The bad boys of Puerto Rico have grown up. Step brothers Rene Perez Joglar and Eduardo Cabra of Calle 13 have a new album that takes a more thoughtful route to deliver their message.
At 86, Matthiessen has written what he says "may be his last word." In Paradise, a novel about a visit to a Nazi extermination camp, caps a career spanning six decades and 33 books.
Portraits of world leaders painted by former President George W. Bush go on exhibit in Dallas on Saturday. He took up the hobby after he read Winston Churchill's essay, "Painting as Pastime."
Ayya's Accounts: A Ledger of Hope in Modern India chronicles the life of an ordinary man in extraordinary times. NPR's Scott Simon talks to author Anand Pandian about his subject, his grandfather.
Willie Perdomo's new collection is inspired by the salsa jam bands of '70s-era Puerto Rican New York. The poems are performance-page crossovers, rich in sound, slang and musical detail.
Adam Begley says Updike created an everyman in his Rabbit book series, and inhabited him fully, "allowing that everyman's senses to be totally open to the American experience."
It's the first week of baseball season so we'll ask three questions about The House of David baseball team — one of the weirdest and most religious teams in the history of the game.
Former President George W. Bush worked with many world leaders while in office. Now, he's unveiling 24 portraits he painted of some of them. The exhibit will be at his new presidential library.
Is it possible there's too much good TV? Sunday nights are starting to look that way. Between Game of Thrones, Mad Men and many more, there's a lot to navigate. NPR TV critic Eric Deggans helps.
British comic Steve Coogan's blowhard broadcaster character conquered movie screens at home — and now he's crossing the Atlantic. Critic Bob Mondello says he's got a good chance at breaking America.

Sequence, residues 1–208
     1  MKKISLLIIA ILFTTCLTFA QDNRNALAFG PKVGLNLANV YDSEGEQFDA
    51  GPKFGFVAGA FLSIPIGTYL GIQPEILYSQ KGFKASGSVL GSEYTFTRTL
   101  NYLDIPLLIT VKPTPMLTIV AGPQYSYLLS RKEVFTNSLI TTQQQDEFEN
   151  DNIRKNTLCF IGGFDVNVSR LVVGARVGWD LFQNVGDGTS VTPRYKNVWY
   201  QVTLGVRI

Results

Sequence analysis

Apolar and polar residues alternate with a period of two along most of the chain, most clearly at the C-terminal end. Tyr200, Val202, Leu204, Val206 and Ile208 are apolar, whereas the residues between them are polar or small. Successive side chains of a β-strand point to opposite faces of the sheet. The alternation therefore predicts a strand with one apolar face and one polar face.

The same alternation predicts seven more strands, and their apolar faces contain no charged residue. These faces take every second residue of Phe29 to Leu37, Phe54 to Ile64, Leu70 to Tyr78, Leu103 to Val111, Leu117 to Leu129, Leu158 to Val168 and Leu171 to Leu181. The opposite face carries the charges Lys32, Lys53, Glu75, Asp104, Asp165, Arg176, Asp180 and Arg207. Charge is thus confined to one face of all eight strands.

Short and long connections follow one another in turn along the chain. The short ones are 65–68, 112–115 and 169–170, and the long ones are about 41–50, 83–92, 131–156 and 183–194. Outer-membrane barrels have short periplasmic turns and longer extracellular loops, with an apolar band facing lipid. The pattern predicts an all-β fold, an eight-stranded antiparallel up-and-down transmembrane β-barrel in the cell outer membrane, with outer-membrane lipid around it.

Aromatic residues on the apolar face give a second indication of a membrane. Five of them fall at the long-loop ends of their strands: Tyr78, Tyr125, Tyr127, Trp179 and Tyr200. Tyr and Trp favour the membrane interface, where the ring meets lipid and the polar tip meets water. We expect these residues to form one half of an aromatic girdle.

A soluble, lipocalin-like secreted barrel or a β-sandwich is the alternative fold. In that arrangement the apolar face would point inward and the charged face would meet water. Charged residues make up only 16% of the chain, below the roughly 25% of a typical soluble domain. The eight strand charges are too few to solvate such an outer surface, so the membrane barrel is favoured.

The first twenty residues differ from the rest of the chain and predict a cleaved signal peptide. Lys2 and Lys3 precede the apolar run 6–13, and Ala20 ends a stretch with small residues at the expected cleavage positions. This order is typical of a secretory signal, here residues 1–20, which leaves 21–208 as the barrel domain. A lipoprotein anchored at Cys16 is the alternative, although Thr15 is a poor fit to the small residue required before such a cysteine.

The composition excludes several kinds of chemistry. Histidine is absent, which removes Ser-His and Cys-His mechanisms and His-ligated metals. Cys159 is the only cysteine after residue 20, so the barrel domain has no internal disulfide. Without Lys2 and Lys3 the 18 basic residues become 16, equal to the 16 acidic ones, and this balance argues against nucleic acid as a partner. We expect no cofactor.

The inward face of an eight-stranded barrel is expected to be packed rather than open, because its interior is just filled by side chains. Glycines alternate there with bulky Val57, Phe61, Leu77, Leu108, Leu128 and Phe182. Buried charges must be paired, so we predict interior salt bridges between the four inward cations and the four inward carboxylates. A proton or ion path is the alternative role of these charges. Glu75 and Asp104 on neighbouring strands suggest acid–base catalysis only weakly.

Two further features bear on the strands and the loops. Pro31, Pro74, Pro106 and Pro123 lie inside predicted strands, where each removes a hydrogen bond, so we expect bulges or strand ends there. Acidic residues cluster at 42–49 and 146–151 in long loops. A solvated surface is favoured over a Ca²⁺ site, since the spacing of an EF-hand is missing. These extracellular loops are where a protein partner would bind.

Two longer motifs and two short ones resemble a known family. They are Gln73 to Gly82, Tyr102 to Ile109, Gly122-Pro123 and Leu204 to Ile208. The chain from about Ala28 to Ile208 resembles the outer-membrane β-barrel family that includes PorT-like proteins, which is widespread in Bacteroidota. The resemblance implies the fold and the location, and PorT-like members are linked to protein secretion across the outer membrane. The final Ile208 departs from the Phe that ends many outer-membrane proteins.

On this week's show, Matt Thompson joins us for a chat about the new Captain America movie, whether the internet can be trusted with anyone's writing, and what's making us happy this week.
Anthony Mackie plays Falcon in the new film Captain America: The Winter Soldier. He talks about the cultural significance of the Falcon, and how it's "monumental" for his eclectic career.
Social scientist Michael Norton researches how money can buy happiness — when you don't spend it on yourself. The key is social spending that benefits not just you, but other people.
Writer Daniel Pink explains why traditional rewards like money aren't always successful motivators.
Social psychologist Paul Piff describes how wealth changes behavior and how almost anyone's behavior can change when they're made to feel rich.
Behavioral economist Keith Chen says languages that don't have a future tense strongly correlate with higher savings.
Psychologist Laurie Santos studies human irrationality by observing how primates make decisions — including some not-so-savvy money choices their human relatives often make.
When David Letterman announced his retirement Thursday, it came first not from a press release, but from the same kind of organic, weird, naturalistic charm that characterized the show.
Also: new books by Anne Tyler and Kazuo Ishiguro, and a lost volume by the historian Will Durant.
NPR television correspondent Eric Deggans reports that David Letterman will announce his planned retirement from CBS on his show Thursday night. Letterman will leave the show and the network in 2015.